10 Principal Features of an Incorporated Company

This article throws light upon the ten principal features of an incorporated company. The features are: 1. Registration 2. Voluntary Association 3. Legal Personality 4. Management 5. Permanent Existence or Perpetual Succes­sion 6. Common Seal 7. Limited Liability 8. Control 9. Taxation 10. Divorce between Ownership and Man­agement.

Incorporated Company Feature # 1. Registration:

A company must be regis­tered under the Companies Act. After registration, the Registrar of Companies issue a Certificate of Incorporation.

Incorporation is the legal process through which the separate corporate entity of a company is given recognition by law.

To secure in­corporation, the promoters prepare and file with the Registrar of joint stock companies the follow­ing documents:

(i) Memorandum of Association

(ii) Articles of Association

(iii) Written consents of persons who have agreed to serve as directors of the com­pany

(iv) Notice of the registered office of the com­pany and

(v) A statutory declaration by the Secretary of the proposed company or a solicitor to the effect that all provisions regard­ing incorporation have been complied with.

Incorporated Company Feature # 2. Voluntary Association:

A company is an association of many persons on a voluntary basis. Therefore, a company is formed by the choice and consent of the members.

Incorporated Company Feature # 3. Legal Personality:

A company is a crea­tion of law and is called an artificial person. Nega­tively, it means that the company is not a natural person. Positively, it implies that a company has an entity of its own recognised by law quite dis­tinct from that of the natural persons forming it.

It is created for the purpose of enabling a group of persons to conduct some activity in a more con­venient way than would be possible by retaining their identity as individuals. Although invisible and intangible, as a legal person, the company enjoys almost all the rights of a natural person. It has the right to enter into con­tracts and own property. It can sue and can be sued.

Incorporated Company Feature # 4. Management:

Since the risk-bearing share­holders are widely scattered and, in most cases, they have neither time nor knowledge of business, the management of the company has to be entrusted to the Board of Directors. The Companies Act also states that the Board is entitled to exercise all such powers as the company is authorised to exercise in general meeting.

The Directors are the exclusive rep­resentatives of the company and are entrusted with the administration of its internal affairs and the management and use of its assets. The sharehold­ers are the risk-bearers while the directors are the risk-takers. A shareholder cannot participate in the management.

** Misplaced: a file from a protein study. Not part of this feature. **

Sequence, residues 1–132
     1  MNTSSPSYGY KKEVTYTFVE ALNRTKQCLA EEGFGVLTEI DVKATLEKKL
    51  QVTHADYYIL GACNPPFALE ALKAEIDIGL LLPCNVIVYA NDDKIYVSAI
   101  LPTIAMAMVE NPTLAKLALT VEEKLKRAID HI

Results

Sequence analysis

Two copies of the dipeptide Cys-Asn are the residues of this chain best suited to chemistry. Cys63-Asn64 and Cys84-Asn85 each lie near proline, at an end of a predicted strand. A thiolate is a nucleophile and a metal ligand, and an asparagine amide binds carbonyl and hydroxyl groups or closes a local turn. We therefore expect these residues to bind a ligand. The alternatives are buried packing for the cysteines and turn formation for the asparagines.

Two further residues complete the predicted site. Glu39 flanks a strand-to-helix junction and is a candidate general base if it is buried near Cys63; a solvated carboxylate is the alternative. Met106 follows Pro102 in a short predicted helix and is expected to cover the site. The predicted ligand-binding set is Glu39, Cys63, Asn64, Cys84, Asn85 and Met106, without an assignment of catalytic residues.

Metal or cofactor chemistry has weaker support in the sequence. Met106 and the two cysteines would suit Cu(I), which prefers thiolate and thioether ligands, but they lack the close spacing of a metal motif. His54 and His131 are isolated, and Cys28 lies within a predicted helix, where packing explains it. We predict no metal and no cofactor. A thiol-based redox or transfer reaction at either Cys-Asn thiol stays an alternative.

Incorporated Company Feature # 5. Permanent Existence or Perpetual Succes­sion:

A company has perpetual succession. The death or insolvency of a shareholder does not affect its existence. According to Blackstone, the com­pany may be compared with a river which retains its identity though the parts which compose it are constantly changing.

The right given to the share­holders to transfer their shares without affecting the position of the company gives the company con­tinuity. As a natural consequence of incorporation and transferability of shares, the company has per­petual succession.

Incorporated Company Feature # 6. Common Seal:

The law requires every com­pany to have a seal with its name engraved on it. As the company has no physical form, it cannot sign its name on a contract. Hence, all documents and contracts require the affixing of the seal. But now most of the transactions are signed by the di­rectors who act as its agents. When the seal is af­fixed on any document, it has to be witnessed by two directors.

Incorporated Company Feature # 7. Limited Liability:

The liabilities of a share­holder of a company are limited. A person, by buy­ing shares in a company, acquires an interest in the company and is at liberty to dispose of these shares whenever he likes. A shareholder is liable only to pay for his own share in the company.

The credi­tors of a company are not creditors of individual shareholders and a decree obtained against a com­pany cannot be executed against any shareholders. It can only be executed against the assets of the com­pany.

Incorporated Company Feature # 8. Control:

The members of the company, who contribute the share capital, have the ultimate con­trol over the company’s affairs. Every company is required to hold an annual general meeting at which the shareholders will exercise their power of con­trol.

In practice, the control lies with the Board of Directors. But the Board will have to publish and present to the shareholders the accounts and the results of the working of the company every year.

Incorporated Company Feature # 9. Taxation:

The tax burdens of companies are heavier than either on sole proprietor or part­nership. A company’s profits are taxed at a flat rate against slab rates charged for non-corporate bodies. In other words, the rate of income tax for a com­pany will be the same irrespective of whether the profits are high or low.

Incorporated Company Feature # 10. Divorce between Ownership and Man­agement:

The personality of the company is sepa­rate from the personality of the people who com­pose it — the shareholders. Since the shareholders are scattered over the country, they cannot manage the affairs of the company. This task is entrusted to their representatives —the Board of Directors.

Submitted by : Dr. Alexander, Category : Features